“So that’s critical for a high-risk woman to have access,” she said.

What Happens to GINA?

In the midst of all this murkiness, some protections guaranteed under the Genetic Information Nondiscrimination Act of 2008 (GINA) may also be in danger. Under GINA, Rothstein explained, federal law “prohibits discrimination on the basis of genetic information in two areas: employment and health insurance.” This only applies to people who have not yet developed the disease or condition they are predisposed to manifest.

HR 1313, the Preserving Employee Wellness Programs Act currently in committee, could effectively circumvent GINA in some respects. A letter to the U.S. House Committee on Education and the Workforce that FORCE co-signed opposes the bill and describes it as giving employers the ability to “inquire about employees’ private genetic information or medical information unrelated to their ability to do their jobs.” The letter also noted that HR 1313 would allow penalties up to many thousands of dollars per year if employees do not disclose information from genetic tests that they, their spouses, their children or their other family members have had, or if they do not reveal their families’ medical histories. “Allowing penalties of this magnitude would clearly allow employers to coerce employees into revealing their private genetic information,” it concluded.

“Ultimately it’s just another way for the businesses to pass additional health-care costs onto their employees, because these ‘incentives’—they’re not incentives. They’re penalties for not participating because you’re fearful of revealing personal information,” said Schlager in an interview.  

If passed, HR 1313 (which might be included in the ACA replacement bill) would also affect women who have opted for direct-to-consumer rather than doctor-ordered testing.

Dr. Robert Green, who directs the Genomes2People Research Program in the Division of Genetics at Brigham and Women’s Hospital and Harvard Medical School, explained to me, “As sequencing costs come down, there are companies providing … genetic testing for anyone who wants to order it. There are going to be a lot more people finding out that they are carrying one of these mutations, and they’re going to have to decide at what point do they bring it into the medical system.”

Should HR 1313 pass, Green said, there is “potential for this to have a chilling effect on people wanting to learn about and use genomic information.”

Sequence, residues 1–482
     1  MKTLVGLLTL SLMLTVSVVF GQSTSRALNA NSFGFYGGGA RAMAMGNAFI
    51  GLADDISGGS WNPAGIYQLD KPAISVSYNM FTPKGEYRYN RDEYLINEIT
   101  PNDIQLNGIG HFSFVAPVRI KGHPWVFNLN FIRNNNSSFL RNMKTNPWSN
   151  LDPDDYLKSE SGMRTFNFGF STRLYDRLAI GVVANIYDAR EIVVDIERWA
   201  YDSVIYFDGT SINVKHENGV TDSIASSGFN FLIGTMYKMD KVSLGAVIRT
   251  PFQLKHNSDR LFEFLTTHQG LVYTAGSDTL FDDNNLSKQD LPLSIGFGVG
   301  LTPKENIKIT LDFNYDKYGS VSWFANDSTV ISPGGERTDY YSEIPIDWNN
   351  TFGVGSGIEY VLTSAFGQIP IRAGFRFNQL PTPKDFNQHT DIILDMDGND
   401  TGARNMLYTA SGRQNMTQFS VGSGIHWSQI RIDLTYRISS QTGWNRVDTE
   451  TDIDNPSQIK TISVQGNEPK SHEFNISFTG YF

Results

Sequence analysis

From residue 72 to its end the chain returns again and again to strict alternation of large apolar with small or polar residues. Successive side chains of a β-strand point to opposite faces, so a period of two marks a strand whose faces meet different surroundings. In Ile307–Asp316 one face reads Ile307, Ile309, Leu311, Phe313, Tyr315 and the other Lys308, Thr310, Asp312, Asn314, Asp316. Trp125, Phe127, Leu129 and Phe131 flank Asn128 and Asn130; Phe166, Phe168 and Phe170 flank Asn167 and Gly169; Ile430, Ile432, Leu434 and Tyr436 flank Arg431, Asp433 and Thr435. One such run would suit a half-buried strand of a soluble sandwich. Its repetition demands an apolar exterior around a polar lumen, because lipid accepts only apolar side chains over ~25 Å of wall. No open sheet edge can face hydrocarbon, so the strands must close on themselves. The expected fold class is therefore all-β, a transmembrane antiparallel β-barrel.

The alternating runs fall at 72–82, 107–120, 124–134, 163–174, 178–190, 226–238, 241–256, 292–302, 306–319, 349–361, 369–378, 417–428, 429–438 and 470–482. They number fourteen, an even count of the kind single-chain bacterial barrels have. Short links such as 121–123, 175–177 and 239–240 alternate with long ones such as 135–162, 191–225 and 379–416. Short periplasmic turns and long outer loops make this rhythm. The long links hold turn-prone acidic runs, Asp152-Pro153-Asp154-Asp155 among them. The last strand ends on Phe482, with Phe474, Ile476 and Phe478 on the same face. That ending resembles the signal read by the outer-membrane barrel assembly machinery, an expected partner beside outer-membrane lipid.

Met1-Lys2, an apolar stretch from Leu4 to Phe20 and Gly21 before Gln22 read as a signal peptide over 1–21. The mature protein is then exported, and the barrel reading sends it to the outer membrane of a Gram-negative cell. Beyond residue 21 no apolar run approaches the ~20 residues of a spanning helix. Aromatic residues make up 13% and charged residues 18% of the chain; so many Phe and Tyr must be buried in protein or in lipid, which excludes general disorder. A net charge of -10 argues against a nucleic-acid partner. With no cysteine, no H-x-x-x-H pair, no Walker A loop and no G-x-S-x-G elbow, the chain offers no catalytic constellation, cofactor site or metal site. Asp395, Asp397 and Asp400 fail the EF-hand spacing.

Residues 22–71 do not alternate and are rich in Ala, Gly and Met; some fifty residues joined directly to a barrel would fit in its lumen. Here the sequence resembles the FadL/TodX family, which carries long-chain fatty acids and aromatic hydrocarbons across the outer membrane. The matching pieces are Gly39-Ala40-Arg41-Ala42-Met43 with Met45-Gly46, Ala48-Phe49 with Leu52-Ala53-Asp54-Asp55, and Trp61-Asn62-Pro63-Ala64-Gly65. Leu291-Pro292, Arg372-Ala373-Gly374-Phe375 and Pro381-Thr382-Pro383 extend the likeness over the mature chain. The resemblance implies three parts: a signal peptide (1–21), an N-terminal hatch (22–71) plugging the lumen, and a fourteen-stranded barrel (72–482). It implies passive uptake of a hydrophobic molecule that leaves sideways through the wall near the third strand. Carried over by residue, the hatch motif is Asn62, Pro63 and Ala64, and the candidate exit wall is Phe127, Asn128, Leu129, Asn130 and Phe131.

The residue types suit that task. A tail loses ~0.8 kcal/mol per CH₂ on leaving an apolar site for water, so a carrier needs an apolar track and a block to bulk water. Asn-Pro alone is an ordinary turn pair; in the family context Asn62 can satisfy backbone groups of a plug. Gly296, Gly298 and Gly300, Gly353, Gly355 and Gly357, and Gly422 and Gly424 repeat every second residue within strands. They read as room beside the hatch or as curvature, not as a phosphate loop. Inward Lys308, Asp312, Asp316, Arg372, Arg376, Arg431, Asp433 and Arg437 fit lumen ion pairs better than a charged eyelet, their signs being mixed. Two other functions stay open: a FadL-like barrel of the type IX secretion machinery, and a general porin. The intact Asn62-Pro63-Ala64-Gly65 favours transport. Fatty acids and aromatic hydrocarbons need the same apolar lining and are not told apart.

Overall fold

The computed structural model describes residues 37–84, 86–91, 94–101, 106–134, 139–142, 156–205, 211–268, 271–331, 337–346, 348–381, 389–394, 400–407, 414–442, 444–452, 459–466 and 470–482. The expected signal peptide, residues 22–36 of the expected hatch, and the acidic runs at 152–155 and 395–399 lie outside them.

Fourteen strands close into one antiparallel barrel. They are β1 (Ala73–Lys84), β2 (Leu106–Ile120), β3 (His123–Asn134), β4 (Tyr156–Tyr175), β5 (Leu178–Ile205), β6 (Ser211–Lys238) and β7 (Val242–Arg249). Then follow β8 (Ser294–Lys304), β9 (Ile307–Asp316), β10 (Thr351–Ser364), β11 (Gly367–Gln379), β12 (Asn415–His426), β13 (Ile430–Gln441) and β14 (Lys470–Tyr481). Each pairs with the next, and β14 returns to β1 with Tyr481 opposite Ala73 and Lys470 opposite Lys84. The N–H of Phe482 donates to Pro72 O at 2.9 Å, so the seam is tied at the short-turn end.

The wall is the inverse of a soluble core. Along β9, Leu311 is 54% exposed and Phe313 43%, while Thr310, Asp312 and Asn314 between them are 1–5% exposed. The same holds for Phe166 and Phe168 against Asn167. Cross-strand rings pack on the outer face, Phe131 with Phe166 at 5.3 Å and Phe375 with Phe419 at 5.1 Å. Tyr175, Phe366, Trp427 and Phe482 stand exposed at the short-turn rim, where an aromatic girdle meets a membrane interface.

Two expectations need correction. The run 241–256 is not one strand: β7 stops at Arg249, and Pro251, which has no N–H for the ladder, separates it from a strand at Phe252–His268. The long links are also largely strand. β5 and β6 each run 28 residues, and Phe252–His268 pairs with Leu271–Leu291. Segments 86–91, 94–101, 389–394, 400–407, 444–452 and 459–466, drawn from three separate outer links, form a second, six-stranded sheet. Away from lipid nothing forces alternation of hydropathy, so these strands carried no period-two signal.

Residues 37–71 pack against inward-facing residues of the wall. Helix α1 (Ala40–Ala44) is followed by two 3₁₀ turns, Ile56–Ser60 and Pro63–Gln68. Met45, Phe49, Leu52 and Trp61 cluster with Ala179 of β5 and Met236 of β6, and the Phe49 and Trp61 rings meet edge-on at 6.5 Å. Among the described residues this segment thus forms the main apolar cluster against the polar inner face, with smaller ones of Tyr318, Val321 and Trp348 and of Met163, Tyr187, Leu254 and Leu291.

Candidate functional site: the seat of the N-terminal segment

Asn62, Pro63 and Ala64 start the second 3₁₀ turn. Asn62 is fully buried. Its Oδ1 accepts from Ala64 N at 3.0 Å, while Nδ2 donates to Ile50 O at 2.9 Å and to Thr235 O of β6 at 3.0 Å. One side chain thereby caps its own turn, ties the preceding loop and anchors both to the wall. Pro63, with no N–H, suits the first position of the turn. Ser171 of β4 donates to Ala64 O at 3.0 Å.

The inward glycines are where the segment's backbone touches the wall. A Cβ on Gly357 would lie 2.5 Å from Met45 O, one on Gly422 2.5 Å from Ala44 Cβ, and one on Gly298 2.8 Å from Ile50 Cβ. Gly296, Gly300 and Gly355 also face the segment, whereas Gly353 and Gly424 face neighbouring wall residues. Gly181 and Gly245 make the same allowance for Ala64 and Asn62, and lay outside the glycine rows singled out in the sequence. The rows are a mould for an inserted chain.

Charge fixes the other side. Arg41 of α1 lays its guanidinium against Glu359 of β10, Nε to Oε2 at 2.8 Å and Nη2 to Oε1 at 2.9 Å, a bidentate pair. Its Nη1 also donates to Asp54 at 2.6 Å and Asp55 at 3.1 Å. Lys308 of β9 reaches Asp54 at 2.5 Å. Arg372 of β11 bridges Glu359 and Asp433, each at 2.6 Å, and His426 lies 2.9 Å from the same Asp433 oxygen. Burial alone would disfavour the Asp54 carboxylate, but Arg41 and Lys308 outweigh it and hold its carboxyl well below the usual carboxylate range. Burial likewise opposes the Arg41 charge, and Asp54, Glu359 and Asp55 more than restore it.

Currently, the American Health Care Act keeps the ACA’s prohibitions on insurance companies from banning individuals based on pre-existing conditions. While unlikely, until its final version is passed, this could change.

The uncertainty of it all could lead people to selectively edit their medical histories.

“This is an odd situation developing because you’re going to have people sort of trying to gauge when they tell their doctors about this genetic information that they know because they might be switching insurance plans and things like that, if indeed we lose some of these protections,” Green said.

Rothstein believes that people are already withholding genetic information. “It’s a concern for doctors because how can you treat someone effectively when you only have a percentage of the information you need?” he says.

On behalf of the hereditary cancer community, FORCE representatives told me it intends to ”fight any efforts to weaken genetic protections now and in the future.”

Current Cancer Survivors

Right now, as reported by the Washington Post, the AHCA provides for states to receive $100 billion over 10 years via a new Patient and State Stability Fund “for safety-net needs and possible ‘high-risk pools’ for consumers with expensive medical conditions”—such as cancer.

“If there are high-risk pools … those patients are going to see the worst in the way of financial burden under a new health system,” Schlager said. Prior to the ACA, 35 states and Washington, D.C., had high-risk pools, as the Pew Charitable Trusts’ Stateline blog noted, “for uninsurable people with serious and chronic health problems.”

However, these pools “charged premiums up to 250 percent of the prevailing rate, and some of them had long waiting lists. Most of them denied coverage for pre-existing conditions—their reason for being—for up to a year after enrollment.”

What these high-risk pools could look like is not yet clear.

Furthermore, while lifetime caps are currently not on the table, Schlager describes a disturbing scenario, should that change: “Whereas before cancer patients might have to declare bankruptcy because they’ve hit their [lifetime] cap with their insurance, that went away under ACA. A person who has cancer, especially someone who has ovarian cancer, where they might have to go through four, five, six regimens of treatment … or a metastatic patient who has to come in and out of treatment, they could ultimately reach that cap.”

Hopefully whatever replaces the ACA, whether it’s the American Health Care Act or another iteration, will afford enough protections that women feel comfortable sharing their results with their doctors and seeking follow-up care. However, as Schlager describes, “there are multiple potential replacement plans out there.”

“Most of them have gaps and many of them don’t even address some of the issues that we’re concerned about here in the high-risk community,” she said. “That’s why we’re hoping ‘replace’ is more like ‘revise.’”

In the meantime, many highly anticipated changes are striking fear in the hearts of BRCA mutation carriers. Breast cancer survivor Jennifer Elliott, in her 40s, recently switched from an employer health insurance plan to an ACA one after a period on COBRA.

She is currently healthy, and has taken preventive measures to try and stay that way, including chemoprevention and a salpingo-oophorectomy, but is greatly concerned that she will be left with no coverage post repeal.

She told me, “While I am free of cancer now, all the preventive measures are simply risk reducers, and not a guarantee against future cancers.”